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Reading List

I try to keep this list of books up to date with what I’ve read and what I’m reading. Topics include software engineering, architecture, programming, management, and startup advice. I’ll provide a summary of each book along with how much I’d recommend it. Please note that all links are affiliate links, so I’ll get a small commission if you click through the link then buy the book. Happy reading!

Title Summary Worth Reading?
Accelerate The authors walk through a ton of research about how improving software delivery improves company performance and engineer happiness. They also explain what techniques actually improve software delivery. A must read for anyone looking to ship faster and better. Absolutely
Building Event-Driven Microservices
Clean Architecture Uncle Bob Martin (think Agile manifesto, SOLID principles, etc.) lays out everything he’s learned about code architecture. By architecting well, we can create code that is easy to maintain for years to come, even as it grows. Absolutely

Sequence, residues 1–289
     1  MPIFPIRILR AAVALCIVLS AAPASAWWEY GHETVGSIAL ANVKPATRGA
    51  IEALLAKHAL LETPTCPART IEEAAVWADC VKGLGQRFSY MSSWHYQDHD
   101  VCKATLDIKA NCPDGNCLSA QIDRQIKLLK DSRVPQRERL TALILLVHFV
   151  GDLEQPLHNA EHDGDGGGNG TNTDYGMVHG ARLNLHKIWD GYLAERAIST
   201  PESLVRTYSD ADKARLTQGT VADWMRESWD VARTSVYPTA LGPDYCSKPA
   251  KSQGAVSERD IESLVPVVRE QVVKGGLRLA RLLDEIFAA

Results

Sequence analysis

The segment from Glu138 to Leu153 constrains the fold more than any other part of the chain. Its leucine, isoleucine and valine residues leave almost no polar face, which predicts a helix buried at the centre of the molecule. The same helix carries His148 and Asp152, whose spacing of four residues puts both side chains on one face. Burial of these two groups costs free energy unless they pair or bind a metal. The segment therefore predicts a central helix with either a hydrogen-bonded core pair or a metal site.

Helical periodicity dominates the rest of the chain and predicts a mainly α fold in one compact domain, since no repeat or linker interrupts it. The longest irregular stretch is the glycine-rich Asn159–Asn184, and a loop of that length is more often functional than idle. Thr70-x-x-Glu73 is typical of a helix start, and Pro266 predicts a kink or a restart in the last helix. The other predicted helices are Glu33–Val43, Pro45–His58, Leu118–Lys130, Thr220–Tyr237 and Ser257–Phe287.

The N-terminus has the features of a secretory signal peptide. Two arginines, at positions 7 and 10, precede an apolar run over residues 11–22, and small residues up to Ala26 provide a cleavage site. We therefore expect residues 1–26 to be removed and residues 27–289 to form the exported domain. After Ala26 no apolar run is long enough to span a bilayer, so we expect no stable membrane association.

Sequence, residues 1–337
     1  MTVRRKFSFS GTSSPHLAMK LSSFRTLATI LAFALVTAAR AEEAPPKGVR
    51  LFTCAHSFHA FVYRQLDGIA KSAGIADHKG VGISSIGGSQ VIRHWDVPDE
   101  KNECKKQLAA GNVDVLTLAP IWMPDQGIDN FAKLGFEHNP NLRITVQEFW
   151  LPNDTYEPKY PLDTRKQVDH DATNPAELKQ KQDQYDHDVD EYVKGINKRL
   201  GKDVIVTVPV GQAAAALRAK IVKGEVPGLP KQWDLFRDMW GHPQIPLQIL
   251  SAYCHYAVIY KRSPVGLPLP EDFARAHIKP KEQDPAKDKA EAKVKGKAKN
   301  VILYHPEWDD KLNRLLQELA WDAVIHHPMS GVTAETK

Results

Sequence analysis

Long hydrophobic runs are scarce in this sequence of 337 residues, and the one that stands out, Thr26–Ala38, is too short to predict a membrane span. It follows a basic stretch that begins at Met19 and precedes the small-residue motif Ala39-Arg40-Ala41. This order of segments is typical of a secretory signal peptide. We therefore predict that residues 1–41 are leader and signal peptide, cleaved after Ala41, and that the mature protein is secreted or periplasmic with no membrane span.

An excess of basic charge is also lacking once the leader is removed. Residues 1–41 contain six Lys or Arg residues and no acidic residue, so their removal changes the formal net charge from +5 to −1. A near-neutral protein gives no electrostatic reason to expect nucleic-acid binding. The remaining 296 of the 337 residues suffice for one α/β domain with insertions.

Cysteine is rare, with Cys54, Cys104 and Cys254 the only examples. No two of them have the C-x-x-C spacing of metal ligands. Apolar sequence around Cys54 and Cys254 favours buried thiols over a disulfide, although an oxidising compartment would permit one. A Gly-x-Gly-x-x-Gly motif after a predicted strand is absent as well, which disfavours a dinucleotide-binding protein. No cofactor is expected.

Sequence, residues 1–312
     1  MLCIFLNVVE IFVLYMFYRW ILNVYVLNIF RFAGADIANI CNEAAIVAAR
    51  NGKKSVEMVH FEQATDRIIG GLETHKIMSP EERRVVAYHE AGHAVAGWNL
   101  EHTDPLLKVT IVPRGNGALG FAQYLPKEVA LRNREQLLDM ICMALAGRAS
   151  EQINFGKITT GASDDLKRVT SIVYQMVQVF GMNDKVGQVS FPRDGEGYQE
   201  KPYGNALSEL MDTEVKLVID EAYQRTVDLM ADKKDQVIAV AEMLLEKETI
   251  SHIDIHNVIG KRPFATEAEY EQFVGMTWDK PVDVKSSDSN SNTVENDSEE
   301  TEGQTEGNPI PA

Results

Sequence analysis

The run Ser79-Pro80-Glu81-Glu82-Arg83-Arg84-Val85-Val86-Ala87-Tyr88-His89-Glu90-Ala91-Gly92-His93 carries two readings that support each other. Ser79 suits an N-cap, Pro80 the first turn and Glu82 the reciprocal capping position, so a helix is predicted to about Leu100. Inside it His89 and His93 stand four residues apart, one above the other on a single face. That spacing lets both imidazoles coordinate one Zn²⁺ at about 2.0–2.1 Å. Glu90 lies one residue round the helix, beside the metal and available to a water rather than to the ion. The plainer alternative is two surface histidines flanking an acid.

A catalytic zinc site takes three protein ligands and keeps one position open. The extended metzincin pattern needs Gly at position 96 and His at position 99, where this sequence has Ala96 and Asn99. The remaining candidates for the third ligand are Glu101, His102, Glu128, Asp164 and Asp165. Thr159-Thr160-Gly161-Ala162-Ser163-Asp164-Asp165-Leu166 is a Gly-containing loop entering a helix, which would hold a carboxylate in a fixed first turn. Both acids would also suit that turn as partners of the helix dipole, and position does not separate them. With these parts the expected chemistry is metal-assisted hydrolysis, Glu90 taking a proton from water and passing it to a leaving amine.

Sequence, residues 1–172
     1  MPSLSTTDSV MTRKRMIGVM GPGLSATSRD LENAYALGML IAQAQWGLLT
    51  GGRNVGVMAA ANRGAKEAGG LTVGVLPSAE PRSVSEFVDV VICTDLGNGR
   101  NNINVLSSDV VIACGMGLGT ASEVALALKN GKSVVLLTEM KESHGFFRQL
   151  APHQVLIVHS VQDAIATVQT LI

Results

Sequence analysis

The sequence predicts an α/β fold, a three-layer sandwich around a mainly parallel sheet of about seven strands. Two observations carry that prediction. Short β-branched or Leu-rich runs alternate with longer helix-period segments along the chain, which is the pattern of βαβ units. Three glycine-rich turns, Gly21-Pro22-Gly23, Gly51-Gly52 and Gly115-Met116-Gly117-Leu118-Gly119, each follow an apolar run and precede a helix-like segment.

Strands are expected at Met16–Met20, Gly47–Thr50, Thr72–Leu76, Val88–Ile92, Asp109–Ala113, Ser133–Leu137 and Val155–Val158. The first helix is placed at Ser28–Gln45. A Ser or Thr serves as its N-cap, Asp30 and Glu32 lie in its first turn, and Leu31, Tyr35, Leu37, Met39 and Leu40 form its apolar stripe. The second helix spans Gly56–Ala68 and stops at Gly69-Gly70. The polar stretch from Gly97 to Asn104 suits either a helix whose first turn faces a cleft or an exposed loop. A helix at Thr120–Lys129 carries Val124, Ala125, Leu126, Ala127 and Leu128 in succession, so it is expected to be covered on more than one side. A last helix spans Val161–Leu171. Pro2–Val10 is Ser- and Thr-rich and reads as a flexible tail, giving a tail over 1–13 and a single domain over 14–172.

Designing Data Intensive Applications Ever wondered whether to choose SQL or NoSQL? Document data stores? Why do some people use Cassandra? How do you handle queries that produce more data than you can hold in memory? This book helps answer all these questions and help you make better choices about your data storage. Definitely—I had a big knowledge gap here and this book helped big time
Lean Analytics Explains why metrics matter to a business, what a good metric is, how to track and communicate them, and what the most important metrics are for various types of businesses. You need to read this if you want to be more than just a peon at work. Absolutely
The Lean Startup This book started the whole Lean movement. Ries has us reframe the purpose of a startup around learning (learning a product-market fit, learning a business model, learning what customers actually want, and so on). If you’re working in a startup, or want to start your own business, I’d highly recommend this. Absolutely
Team Topologies Explains Conway’s Law (software architecture will mimic the shape and communication patterns of the org it’s created in), the Inverse Conway Maneuver, and how to set teams up and get them to communicate. Can get a little slow, but overall yes!